If you’re looking for a socially-distanced weekend outing this fall, a drive through the North Georgia mountains or North Carolina to see the leaves changing color couldn’t be more perfect.
According to the Fall Foliage Prediction Map at smokymountains.com, Oct. 12-19 will be optimum for peak color in North Carolina, while Oct. 19-26 will offer the brilliant reds, oranges, and yellows in North Georgia.
At this writing, Georgia State Parks were still limiting access if parks become too overcrowded to maintain social distancing during the pandemic. Some activities in the parks have also been limited or cancelled, so check with the individual park before you go at gastateparks.org.
According to the Georgia Department of Natural Resources, these are the parks to check out the best leaf color along with some recommended activities.
Amicalola Falls State Park & Lodge – Dawsonville
Just an hour north of Atlanta you’ll find the Southeast’s tallest cascading waterfall. A short, flat path leads to a boardwalk offering the most spectacular views. There’s also an easy-to-reach overlook at the top. For a tougher challenge, start from the bottom of the falls and hike up the steep staircase.
Black Rock Mountain State Park – Clayton
At an altitude of 3,640 feet, Black Rock Mountain is Georgia’s highest state park. (Brasstown Bald is the state’s highest peak.) Roadside overlooks and the summit Visitor Center offer sweeping views of the Blue Ridge Mountains. The 2.2-mile Tennessee Rock Trail is a good choice for a short, moderate hike. For an all-day challenge, take the 7.2-mile James E. Edmonds Backcountry Trail.
Cloudland Canyon State Park – Rising Fawn
One of Georgia’s most beautiful parks offers easy-to-reach rim overlooks and challenging trails. A favorite hike takes you down a staircase to the bottom of the canyon, where you’ll find two waterfalls. (Remember, you have to hike back up, but it’s worth it.) The 5-mile West Rim Loop is moderately difficult and offers great views of the canyon.
F.D. Roosevelt State Park – Pine Mountain
Many people are surprised to find hardwood forests and rolling mountains south of Atlanta. The 6.7-mile Wolf Den Loop is a favorite section of the longer Pine Mountain Trail. For a touch of history, drive to Dowdell’s Knob to see a life-size bronze sculpture of President F.D. Roosevelt and views of the forested valley. Ga. Hwy. 190 is a pretty driving route.
Fort Mountain State Park – Chatsworth
This park is best known for a mysterious rock wall along the mountain top, plus a variety of trails. For the easiest walk, take the 1.2-mile loop around the park’s green lake. For a challenging, all-day hike, choose the 8-mile Gahuti Trail. Mountain bikers have more than 14 miles to explore. Hwy. 52 has beautiful mountain scenery and overlooks worth stopping to see.
Moccasin Creek State Park – Lake Burton
Georgia’s smallest state park sits on the shore of a gorgeous deep-green lake. Guests can choose from the 2-mile Hemlock Falls Trail or 1-mile Non-Game Trail with a wildlife observation tower. Hwy. 197 is a particularly pretty road, passing Mark of the Potter and other popular attractions.
Smithgall Woods State Park – Helen
Protecting more than 6,000 acres around Dukes Creek, this is the perfect spot for fly fishing while enjoying fall color. Day visitors can picnic near the creek, and overnight guests can hike a private trail to Dukes Creek Falls. A 1.6-mile loop climbs to Laurel Ridge and provides a view of Mt. Yonah once most leaves are off the trees. Smithgall Woods has some of the park system’s most sought-after cabins and is near wineries and Helen’s Oktoberfest.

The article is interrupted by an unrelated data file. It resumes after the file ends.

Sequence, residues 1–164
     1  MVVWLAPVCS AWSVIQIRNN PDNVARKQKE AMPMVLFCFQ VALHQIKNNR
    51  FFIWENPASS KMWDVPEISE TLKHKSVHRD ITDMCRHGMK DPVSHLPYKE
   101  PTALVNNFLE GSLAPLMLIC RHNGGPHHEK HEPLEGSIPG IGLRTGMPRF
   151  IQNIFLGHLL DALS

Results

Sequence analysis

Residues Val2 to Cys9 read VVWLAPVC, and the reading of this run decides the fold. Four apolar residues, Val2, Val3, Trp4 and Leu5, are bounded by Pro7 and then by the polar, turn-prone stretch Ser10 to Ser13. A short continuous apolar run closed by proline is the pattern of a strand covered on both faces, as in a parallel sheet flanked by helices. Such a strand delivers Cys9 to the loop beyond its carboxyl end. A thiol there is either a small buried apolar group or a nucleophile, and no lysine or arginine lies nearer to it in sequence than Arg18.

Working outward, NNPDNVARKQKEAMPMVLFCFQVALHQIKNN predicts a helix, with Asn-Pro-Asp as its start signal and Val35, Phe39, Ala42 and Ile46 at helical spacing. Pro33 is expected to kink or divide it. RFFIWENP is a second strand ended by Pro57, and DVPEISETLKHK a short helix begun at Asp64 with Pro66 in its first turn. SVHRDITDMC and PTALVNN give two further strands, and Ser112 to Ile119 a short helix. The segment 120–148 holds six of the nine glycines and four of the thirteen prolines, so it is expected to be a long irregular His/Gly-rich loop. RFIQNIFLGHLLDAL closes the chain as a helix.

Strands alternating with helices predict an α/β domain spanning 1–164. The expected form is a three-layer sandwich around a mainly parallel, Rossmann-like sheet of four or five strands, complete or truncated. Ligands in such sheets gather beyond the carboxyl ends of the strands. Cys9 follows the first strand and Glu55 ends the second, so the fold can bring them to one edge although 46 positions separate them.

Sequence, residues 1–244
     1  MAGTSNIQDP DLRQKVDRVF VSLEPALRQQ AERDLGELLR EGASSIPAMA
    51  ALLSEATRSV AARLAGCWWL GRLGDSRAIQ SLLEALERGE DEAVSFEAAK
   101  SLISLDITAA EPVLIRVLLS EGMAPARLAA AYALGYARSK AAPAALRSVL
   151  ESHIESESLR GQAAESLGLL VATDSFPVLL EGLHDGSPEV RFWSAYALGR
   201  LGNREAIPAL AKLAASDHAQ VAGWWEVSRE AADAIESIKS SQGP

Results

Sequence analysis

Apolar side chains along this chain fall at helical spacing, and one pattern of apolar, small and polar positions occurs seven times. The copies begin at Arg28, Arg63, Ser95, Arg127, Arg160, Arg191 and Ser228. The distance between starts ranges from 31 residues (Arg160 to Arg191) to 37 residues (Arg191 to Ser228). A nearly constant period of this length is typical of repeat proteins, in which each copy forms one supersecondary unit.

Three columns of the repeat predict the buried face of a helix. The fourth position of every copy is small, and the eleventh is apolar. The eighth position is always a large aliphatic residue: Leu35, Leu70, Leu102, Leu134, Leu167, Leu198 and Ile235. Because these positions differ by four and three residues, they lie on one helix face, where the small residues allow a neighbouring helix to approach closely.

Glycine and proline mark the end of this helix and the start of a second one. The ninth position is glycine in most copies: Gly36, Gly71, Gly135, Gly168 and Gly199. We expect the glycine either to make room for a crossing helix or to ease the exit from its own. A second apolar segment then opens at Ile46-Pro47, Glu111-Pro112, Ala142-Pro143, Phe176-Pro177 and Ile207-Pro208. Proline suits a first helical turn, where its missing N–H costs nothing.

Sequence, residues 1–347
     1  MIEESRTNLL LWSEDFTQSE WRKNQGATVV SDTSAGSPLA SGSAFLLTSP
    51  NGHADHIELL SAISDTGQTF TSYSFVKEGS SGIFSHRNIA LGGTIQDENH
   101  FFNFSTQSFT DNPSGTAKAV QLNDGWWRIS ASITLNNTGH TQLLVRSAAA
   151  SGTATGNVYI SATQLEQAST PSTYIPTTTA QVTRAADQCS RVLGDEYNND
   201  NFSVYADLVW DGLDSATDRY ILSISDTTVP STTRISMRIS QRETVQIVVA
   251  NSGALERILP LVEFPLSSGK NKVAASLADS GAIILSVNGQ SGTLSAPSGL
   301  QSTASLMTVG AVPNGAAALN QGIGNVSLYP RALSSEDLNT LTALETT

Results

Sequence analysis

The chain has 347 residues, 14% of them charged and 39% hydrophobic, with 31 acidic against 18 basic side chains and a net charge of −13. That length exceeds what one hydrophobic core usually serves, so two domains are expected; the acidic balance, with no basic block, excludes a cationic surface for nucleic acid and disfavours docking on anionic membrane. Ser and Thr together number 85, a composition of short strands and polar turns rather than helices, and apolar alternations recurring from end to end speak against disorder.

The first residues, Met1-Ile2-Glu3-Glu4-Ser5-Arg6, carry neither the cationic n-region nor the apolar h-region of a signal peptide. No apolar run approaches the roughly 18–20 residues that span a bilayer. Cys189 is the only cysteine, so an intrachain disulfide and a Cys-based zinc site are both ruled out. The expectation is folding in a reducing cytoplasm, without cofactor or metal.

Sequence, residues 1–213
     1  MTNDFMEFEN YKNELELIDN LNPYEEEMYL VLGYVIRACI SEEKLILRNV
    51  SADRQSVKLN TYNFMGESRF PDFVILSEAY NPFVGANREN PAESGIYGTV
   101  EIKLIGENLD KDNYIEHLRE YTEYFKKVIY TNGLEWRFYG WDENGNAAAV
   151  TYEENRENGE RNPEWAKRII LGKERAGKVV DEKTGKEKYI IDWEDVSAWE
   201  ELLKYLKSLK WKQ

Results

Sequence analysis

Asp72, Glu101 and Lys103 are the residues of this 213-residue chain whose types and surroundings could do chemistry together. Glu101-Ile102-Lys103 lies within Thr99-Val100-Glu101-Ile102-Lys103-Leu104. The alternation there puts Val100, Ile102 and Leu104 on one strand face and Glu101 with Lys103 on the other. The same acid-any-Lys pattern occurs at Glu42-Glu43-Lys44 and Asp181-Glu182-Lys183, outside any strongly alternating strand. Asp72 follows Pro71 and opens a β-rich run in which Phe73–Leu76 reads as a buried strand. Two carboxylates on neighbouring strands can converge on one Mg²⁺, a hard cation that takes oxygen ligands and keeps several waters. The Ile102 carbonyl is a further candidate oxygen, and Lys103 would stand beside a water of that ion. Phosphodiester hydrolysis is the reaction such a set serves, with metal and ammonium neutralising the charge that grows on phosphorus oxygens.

Tallulah Gorge State Park – Near Clayton
Tallulah Gorge is one of the most spectacular canyons in the Southeast, and you can choose from easy or difficult trails. Hike along the rim to several overlooks with waterfall views, but hikes to the bottom of the gorge and climbing permits were still not being offered at press time.
Unicoi State Park & Lodge – Helen
Ziplines take you high above the forest canopy for a unique view of leaves. If you’re up for a steep hike, take the 4.8-mile Smith Creek Trail up to Anna Ruby Falls. Unicoi offers a lodge and restaurant.
Vogel State Park – Blairsville
The 4-mile Bear Hair Gap Trail makes a nice day trip for experienced hikers, offering a birds-eye view of the park’s lake. For an easier walk, follow the Lake Loop to a small waterfall below the dam. The twisting roads around Vogel, particularly Wolf Pen Gap Road, offer some of north Georgia’s prettiest fall scenery.
Cashiers Valley Leaf Festival
At press time, the annual Cashiers Valley Leaf Festival at Village Green in downtown Cashiers was still on for Oct. 9-11. Artisans, food, entertainment and more are staples of the event, which will be happening just as the leaves are at their peak in western North Carolina. Visit Cahsiers411.com for more information.
While most of the events planned for the fall (including the annual Highlands Food and Wine Festival) have been cancelled, Highlands still offers great shopping, dining, and the chance to explore the scenic surroundings. According to the experts, the second week of October will be peak color for the leaves. Visit highlandschamber.org for more information.
There’s always something to do in Asheville, and while the pandemic has cancelled many annual events in and around the city, you can still enjoy dining, shops, visit the Biltmore Estate, take a ride on the Great Smoky Mountain Railroad, or have a drink at one of the breweries or distilleries. The leaves will be at their peak in Asheville during the fourth week of October. Visit romanticasheville.com for more.
To find more North Georgia and North Caroline mountain events and features, be sure to check out Head for the Hills special section in the October issue.